This topic will also be further discussed in the forthcoming supervisory guidance.

Additionally, as discussed in more detail below, for consistency, the parallel definitions in NCUA's loan participation rule is also amended in an equivalent manner.[22]

Start Printed Page 13537

Loan-to-Value Ratio

The proposed rule modified the current definition of “loan-to-value ratio” (LTV) to clarify how this ratio should be calculated. The proposed definition excluded outstanding exposures from other lenders that are subordinated to the credit union's lien position from the numerator of the LTV ratio. In addition, the proposed definition clarified that the denominator of the LTV ratio is the market value for collateral held longer than 12 months, and the lesser of the purchase price and the market value for collateral held 12 months or less.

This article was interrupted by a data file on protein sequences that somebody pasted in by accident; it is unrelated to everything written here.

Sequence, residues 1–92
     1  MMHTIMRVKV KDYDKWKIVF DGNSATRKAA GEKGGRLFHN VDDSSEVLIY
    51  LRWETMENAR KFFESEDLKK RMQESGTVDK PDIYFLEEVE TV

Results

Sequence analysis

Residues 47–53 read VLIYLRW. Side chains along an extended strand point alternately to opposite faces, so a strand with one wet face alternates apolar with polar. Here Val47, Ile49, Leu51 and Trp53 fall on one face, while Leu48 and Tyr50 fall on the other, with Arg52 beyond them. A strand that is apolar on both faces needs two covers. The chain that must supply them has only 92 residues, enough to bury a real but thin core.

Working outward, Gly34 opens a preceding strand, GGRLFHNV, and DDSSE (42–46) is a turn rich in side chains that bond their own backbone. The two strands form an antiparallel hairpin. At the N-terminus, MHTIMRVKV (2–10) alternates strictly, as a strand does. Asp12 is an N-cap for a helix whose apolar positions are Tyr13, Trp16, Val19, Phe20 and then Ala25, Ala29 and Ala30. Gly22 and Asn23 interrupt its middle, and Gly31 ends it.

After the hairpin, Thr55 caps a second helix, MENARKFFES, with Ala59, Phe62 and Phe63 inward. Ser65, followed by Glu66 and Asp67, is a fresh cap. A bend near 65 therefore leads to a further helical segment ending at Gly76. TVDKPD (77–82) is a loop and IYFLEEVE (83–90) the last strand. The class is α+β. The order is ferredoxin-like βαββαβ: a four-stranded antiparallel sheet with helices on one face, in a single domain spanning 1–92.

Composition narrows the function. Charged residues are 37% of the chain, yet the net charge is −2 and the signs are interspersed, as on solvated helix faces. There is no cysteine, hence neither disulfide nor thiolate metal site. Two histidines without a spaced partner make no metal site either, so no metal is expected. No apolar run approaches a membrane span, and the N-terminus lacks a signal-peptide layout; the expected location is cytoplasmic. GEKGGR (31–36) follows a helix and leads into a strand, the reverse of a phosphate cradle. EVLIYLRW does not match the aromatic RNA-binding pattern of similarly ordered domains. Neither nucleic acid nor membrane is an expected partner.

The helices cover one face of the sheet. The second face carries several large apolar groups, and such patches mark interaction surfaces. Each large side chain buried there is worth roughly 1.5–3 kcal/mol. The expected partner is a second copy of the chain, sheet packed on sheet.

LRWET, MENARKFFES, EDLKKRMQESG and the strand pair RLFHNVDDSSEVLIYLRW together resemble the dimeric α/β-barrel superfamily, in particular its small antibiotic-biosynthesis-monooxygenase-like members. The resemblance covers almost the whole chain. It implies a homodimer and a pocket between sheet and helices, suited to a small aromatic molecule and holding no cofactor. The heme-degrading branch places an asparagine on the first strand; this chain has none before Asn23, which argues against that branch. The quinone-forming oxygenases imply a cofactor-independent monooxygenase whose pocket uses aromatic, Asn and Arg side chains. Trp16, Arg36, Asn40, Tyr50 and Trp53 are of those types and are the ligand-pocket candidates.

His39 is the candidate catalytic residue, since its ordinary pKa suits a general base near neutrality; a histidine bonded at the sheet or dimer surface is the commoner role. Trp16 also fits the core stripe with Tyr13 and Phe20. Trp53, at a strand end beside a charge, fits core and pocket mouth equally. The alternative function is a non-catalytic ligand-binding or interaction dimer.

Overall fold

Many commenters appreciated the change to exclude from the LTV ratio outstanding exposures from other lenders that are subordinated to the credit union's lien position. Several commenters said the change was much needed in order to bring LTV ratio calculations in alignment with customary commercial loan calculations. One commenter indicated that excluding junior liens from LTV ratio calculations is more consistent with other financial institution requirements. Commenters also supported the amendment's clarification of the valuation basis for collateral.